First Asian experience

Trip Start Sep 18, 2009
Trip End Feb 01, 2010

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Where I stayed
Waterfront Lodge

Flag of Malaysia  ,
Monday, September 21, 2009

After a long, but managable, flight from London to Singapore, I had several hours to kill in Changi airport.  Airports used to be such thrilling places, now they're places I can't wait to get out of!  Eventually, it was time to board the JetStar flight for the short hop over to Kuching in Borneo.  First thing to hit me was the heat and humidity, even at 9pm local time.  After a small amount of confusion over the taxi arrangements (it's necessary to pay for your trip in advance, and obtain a voucher.  This is great, as it means you pay the set amount regardless of how long the trip may take due to traffic etc.), I was on my way to Waterfront Lodge to meet Hayley and Kate.  Arriving somewhere new in the dark is both exciting and frustrating, as you can't really see your surroundings, but that leaves some adventure for the first morning.  Hayley and KAte took me to a restaurant near the hostel, where the food was good and the service terrific.  
On the first morning, we got up early and were picked up outside the hostel by a tour operator, Kuching Kayak.  We drove for 30 minutes, affording me my first daylight views of the country, and arrived at a postcard perfect beach scene.  Palm trees, singing birds, mirror-still sea and morning mist.  I felt like the adventures were starting immediately!  Our group (several friends and colleagues of Hayley and Kate's Singapore-dwelling English friend Rob) got into our life jackets, picked up our two-man kayaks, and headed for the waterline.  It was so calm, other than the Muslim imams early morning calls coming from somewhere nearby, and so peaceful.  We paddled about on the kayaks, getting used to the feel of them.  At one point, a small fish leapt into our kayak (we were sitting so low that it was more of a flop than a leap), and promptly disappeared up my shorts, necessitating a short and frantic search of my nether regions to recover the scaly bugger.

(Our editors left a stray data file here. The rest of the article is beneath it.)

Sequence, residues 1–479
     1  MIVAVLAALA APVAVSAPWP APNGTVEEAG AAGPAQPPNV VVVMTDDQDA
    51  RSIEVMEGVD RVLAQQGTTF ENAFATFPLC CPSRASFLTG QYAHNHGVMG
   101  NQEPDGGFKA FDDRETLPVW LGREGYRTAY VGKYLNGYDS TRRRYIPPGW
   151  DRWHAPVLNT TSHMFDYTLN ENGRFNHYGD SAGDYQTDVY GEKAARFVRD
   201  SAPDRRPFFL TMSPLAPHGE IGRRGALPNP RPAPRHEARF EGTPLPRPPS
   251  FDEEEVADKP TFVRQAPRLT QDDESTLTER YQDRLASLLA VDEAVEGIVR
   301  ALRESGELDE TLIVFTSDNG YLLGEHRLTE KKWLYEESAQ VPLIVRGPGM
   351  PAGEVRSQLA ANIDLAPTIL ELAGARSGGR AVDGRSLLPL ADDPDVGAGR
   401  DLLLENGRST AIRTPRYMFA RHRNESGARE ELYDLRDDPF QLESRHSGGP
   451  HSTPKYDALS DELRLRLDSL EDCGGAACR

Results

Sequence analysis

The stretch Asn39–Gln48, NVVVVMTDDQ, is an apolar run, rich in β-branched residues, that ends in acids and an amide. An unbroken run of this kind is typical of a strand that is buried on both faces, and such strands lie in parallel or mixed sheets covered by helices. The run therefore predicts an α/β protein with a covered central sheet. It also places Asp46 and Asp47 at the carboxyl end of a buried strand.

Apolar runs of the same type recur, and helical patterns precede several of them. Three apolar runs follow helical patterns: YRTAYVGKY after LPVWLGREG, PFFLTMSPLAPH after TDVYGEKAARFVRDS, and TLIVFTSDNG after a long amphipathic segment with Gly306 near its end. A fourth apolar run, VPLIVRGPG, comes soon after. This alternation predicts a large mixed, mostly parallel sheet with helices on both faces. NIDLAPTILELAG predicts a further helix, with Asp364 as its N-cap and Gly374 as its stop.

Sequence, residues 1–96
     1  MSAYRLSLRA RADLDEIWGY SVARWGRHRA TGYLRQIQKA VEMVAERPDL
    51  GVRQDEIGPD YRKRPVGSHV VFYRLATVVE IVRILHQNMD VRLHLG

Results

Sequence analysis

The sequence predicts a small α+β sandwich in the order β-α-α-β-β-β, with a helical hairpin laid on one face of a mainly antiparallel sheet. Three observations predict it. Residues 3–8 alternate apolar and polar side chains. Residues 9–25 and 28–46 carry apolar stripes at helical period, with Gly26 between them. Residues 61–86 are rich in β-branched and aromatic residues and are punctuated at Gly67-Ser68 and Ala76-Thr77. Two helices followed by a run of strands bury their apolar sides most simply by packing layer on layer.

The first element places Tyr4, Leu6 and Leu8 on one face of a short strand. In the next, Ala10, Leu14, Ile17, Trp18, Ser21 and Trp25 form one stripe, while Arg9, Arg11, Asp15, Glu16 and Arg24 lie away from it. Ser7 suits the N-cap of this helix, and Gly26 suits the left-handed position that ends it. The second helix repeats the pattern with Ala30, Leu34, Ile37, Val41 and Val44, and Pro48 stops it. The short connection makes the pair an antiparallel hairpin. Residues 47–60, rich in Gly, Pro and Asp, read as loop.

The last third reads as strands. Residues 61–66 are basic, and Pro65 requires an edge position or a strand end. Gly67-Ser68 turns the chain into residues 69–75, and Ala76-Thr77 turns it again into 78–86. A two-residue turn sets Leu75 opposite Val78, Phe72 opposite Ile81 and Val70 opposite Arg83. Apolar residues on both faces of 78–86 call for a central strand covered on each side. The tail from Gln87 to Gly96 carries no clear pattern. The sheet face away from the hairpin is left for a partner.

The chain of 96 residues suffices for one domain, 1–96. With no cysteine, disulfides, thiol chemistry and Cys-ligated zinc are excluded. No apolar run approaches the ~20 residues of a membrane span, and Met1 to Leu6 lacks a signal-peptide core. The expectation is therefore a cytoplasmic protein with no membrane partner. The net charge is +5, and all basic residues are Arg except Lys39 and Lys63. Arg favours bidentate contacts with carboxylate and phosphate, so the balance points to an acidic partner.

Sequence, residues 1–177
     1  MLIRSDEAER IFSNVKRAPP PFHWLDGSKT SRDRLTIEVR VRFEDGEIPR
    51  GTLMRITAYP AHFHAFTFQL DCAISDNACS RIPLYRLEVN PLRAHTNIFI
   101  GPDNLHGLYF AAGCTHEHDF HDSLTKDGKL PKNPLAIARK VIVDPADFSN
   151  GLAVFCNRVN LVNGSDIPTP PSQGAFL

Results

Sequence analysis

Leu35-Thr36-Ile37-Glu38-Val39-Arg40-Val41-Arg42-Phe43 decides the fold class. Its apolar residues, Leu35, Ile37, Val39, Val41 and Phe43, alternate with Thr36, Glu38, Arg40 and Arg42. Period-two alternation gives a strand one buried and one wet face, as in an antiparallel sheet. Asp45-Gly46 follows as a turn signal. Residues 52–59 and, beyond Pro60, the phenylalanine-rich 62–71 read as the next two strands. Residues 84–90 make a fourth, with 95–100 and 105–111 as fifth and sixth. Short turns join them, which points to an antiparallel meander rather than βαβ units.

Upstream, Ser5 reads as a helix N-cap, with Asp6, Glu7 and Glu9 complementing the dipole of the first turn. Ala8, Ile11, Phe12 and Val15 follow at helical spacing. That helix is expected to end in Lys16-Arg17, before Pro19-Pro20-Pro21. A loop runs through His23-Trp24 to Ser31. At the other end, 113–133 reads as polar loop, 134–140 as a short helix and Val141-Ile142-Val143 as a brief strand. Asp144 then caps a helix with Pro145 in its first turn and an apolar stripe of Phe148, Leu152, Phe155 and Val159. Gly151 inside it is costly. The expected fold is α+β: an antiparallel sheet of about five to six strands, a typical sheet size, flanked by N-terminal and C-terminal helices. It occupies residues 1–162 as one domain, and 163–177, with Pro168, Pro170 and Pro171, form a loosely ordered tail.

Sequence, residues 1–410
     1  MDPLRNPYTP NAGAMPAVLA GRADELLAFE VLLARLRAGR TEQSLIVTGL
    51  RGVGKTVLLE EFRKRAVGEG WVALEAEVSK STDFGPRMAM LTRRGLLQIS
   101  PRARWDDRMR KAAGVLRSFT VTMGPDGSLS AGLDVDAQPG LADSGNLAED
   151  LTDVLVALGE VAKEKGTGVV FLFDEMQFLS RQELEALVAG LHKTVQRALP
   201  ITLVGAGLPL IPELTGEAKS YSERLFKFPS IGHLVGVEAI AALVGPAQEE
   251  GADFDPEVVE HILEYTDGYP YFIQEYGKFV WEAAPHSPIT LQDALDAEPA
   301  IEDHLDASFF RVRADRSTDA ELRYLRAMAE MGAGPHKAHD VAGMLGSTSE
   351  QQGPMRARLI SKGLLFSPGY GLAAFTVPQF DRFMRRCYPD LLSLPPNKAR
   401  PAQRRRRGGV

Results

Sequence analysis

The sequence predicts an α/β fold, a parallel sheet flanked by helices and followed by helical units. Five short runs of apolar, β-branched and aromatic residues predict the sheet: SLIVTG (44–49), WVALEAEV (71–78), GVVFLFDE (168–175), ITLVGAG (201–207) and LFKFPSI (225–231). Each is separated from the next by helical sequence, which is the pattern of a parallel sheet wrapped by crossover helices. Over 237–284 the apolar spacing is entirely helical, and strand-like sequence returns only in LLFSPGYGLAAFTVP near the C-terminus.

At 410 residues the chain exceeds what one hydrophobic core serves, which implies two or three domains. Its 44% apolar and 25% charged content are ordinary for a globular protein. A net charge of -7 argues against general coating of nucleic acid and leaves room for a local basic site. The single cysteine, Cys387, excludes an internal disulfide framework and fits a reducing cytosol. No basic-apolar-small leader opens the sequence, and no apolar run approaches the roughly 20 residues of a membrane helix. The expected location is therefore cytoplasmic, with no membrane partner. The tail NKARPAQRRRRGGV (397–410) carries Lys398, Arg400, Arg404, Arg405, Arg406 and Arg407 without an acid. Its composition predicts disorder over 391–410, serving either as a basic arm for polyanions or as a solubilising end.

After a few hours on the water, it was time to head back.  Despite the tour guides assurances that he knew these waters well, we arrived back at the beach where the vans were parked to find that low tide had revealed at least 500m of mud to wade through before we'd be on firm sand.  At first this seemed funny, but once we were all up to our waists, literally, in mud, it wasn't so funny anymore.  It took an exhausting hour to cover 500m, during which time my heart rate doubled and sweat poured off me.  I was helping the tour guide, Francis, to haul one of the kayaks to shore, and I seriously thought he was going to have a heart attack.  I was struggling with the effort, but he couldn't manage more than two or three strides before needing a rest (the pansy).  The others got to firmer beach ages before we did, and at one point I started to imagine that I'd have to leave Francis where he was, waist deep in mud, and go for help.  We eventually made it, however, and the relief was so great that I couldn't stop laughing. 

That was my first morning of travelling.

After that, I visited a cultural village, made up of several traditional hand-built homes, and an orang-utan sanctuary.  After three days, we flew back to Singapore. 
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